This review contains spoilers.
I think I finally get boxing. Endurance, tactics, grudge matches, underdogs coming back from the brink of failure to pound opponents into paste after their drive motor fails and they start venting CO2… No wonder Stallone made all those movies about it.
The final had a touch of the sports movie genre about it. The seemingly undefeatable champions—Team Carbide, who built a robot so tough it didn’t only tear through its competitors like tin cans but also through the arena’s much-vaunted steel walls—was bested by a plucky flipper. Apollo, star of episode four, concluded its sterling work by launching Carbide into outer space.
Not quite outer space admittedly, more a few feet off the floor. The hyperbole of the final is obviously catching. The presenters’ scripts were so liberally peppered with superlatives and impact-making Lists Of Three this week, you had to remind yourself you were watching souped-up remote-control cars being steered into each other in a chilly Glaswegian warehouse instead of a Caligulan gladiatorial death-match. Not even Caligula would have use for that many “epics”, “incredibles” and “brilliants”.
There was something brilliant about the result though, if only for the welcome surprise of it. Until Carbide’s first exhilarating defeat at the hands of TR2, the final was feeling distinctly predictable and ho-hum.
The hum arrived courtesy of Pulsar, the team with the air-raid siren weapon that controversially earned a place in the final after the judges chose it to replace the unrepairable Chompalot in the previous heat. (Why am I telling you all this? You were there. Oh, the tedious recapping habit must be catching too.)
Pulsar looked like the connoisseur’s choice of robot, attracting praise from competitors and judges all. It was less popular in my house. Thanks to it losing drive in the first seconds of its group battle, time was called on the bout.
That wasn’t the only curtailed match in the final. Health & Safety shut another down after Carbide’s wall-shredding number, while Apollo was immobilised after just seconds in one of its head-to-heads.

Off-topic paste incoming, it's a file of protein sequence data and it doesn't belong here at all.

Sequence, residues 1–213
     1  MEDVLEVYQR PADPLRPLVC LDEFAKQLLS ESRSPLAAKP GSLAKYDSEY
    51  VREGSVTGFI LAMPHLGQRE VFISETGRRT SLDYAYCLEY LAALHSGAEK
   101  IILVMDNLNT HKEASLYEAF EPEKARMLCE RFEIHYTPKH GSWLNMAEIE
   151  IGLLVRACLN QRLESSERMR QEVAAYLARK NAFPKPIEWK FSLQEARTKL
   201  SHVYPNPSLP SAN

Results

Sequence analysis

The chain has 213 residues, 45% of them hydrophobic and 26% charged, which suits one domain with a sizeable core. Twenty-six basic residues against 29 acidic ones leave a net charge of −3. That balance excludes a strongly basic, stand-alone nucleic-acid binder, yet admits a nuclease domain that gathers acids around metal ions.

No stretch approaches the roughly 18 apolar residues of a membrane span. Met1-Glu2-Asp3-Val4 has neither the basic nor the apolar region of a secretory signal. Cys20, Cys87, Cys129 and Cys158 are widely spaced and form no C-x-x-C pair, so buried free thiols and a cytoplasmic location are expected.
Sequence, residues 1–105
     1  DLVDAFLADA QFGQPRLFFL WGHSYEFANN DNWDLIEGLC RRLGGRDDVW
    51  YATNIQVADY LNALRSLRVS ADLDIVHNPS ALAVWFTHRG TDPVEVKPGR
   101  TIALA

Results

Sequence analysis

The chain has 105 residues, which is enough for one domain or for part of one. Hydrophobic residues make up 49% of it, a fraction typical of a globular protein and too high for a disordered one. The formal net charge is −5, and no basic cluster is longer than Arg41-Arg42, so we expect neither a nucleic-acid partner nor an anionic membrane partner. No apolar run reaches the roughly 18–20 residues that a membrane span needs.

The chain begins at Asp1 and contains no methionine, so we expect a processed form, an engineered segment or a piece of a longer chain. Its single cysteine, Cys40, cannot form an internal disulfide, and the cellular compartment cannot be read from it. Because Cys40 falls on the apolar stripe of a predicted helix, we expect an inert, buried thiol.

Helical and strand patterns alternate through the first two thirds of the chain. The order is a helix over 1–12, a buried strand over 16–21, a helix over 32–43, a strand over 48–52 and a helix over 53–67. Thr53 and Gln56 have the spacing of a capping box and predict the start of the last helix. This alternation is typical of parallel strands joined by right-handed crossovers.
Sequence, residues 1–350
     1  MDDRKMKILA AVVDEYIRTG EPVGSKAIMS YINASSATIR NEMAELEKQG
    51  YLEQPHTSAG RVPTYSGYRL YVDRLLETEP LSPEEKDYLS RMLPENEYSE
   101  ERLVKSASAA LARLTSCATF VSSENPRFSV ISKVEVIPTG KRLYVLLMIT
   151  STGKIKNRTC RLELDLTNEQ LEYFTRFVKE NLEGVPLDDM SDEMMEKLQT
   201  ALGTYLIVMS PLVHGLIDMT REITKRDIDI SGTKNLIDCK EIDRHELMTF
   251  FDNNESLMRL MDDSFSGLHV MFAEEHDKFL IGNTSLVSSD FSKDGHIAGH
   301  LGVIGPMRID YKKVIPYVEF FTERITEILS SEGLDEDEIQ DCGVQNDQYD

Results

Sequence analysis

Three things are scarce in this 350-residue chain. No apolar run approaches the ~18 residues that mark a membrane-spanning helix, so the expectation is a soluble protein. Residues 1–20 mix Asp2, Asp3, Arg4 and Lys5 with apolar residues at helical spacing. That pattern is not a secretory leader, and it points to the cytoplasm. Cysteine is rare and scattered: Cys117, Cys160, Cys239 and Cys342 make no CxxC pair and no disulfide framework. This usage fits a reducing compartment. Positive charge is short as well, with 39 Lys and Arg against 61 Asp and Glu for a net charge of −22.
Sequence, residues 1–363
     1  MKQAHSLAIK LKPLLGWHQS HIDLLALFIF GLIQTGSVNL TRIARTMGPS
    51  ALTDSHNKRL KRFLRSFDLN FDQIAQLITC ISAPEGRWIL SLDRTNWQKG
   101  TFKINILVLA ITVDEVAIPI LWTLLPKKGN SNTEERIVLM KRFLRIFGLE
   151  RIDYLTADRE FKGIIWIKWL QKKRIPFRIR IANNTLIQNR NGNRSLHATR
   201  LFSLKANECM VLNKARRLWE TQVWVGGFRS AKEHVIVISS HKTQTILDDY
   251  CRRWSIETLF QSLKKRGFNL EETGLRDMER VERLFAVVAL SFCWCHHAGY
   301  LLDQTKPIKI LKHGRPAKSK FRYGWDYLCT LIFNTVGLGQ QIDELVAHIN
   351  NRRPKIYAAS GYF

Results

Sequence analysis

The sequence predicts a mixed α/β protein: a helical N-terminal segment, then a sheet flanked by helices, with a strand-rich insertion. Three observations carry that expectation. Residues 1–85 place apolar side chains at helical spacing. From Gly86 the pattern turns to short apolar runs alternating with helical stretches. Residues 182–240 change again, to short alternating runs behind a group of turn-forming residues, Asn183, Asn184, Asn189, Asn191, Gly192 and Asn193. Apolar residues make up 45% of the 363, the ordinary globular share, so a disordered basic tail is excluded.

I’ll tell you what needs to go in Robot Wars series two – “links”. These little fellas have been responsible for more dull immobilisations than anything else this series. Free the robots from link tyranny I say, safety be damned. (Unless that would result in serious injury and/or death, in which case, it’s fine. We can put the kettle on during the boring bits.)
Thanks to the age it took to get started and the endless recapping in which we were reshown VTs we’d already seen and clips from old fights, there were a few boring bits in this final. As everyone on the show is already talking as if it’s been renewed, a format shake-up might be a first priority for series two. The old obstacle course gauntlet was never the most reliably exciting TV, but more variety and surprises of some kind would be welcome.
That worthy competitor Thor was the returning wildcard surprised no-one. After suffering repeated routings though perhaps Jason the builder rather wished that he hadn’t had the honour. Watching Thor have shards torn off and being flipped around like a dying vole under the paw of a cat was oddly emotional.
For a show about machines, Robot Wars is oddly emotional. At least two of the final bouts were gripping, leaning-forward-in-your-chair-shouting-they’re-actually-going-to-do-it stuff. Helped of course by the strange poetry of Jonathan Pearce’s “flip, flop and make them fly” commentary, without which it would all be nothing.
Another series please, BBC.
Read Louisa’s review of the previous episode, here.